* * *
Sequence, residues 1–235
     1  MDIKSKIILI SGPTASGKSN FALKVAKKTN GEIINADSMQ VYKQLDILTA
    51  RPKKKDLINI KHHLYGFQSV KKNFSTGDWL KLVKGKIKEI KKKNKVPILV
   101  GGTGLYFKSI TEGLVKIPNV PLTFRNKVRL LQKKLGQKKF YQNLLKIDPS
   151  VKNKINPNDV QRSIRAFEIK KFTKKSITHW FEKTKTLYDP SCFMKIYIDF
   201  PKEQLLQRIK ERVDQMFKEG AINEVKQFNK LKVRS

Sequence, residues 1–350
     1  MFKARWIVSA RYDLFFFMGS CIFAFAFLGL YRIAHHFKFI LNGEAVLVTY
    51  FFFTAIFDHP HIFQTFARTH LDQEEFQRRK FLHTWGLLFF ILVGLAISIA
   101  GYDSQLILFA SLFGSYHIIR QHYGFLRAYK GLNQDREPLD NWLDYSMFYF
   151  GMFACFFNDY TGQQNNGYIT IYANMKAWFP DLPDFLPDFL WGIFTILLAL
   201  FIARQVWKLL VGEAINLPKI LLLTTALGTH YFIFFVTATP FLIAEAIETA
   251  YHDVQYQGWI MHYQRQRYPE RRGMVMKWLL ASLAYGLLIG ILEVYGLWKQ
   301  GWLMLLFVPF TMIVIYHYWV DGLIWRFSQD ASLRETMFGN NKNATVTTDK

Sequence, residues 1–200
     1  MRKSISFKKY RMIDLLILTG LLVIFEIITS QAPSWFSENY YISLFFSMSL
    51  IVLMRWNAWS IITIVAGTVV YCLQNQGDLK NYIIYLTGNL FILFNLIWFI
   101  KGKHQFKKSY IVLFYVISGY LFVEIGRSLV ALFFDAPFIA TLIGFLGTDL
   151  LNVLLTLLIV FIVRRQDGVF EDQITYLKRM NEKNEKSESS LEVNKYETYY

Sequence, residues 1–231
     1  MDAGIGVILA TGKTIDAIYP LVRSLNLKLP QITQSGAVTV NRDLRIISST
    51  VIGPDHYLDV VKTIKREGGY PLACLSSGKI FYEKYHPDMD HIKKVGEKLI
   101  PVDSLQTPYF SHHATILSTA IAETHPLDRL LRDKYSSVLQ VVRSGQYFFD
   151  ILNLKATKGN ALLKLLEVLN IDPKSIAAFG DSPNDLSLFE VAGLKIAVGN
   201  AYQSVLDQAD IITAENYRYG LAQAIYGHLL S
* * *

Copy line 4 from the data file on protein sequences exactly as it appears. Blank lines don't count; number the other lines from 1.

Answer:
   101  GGTGLYFKSI TEGLVKIPNV PLTFRNKVRL LQKKLGQKKF YQNLLKIDPS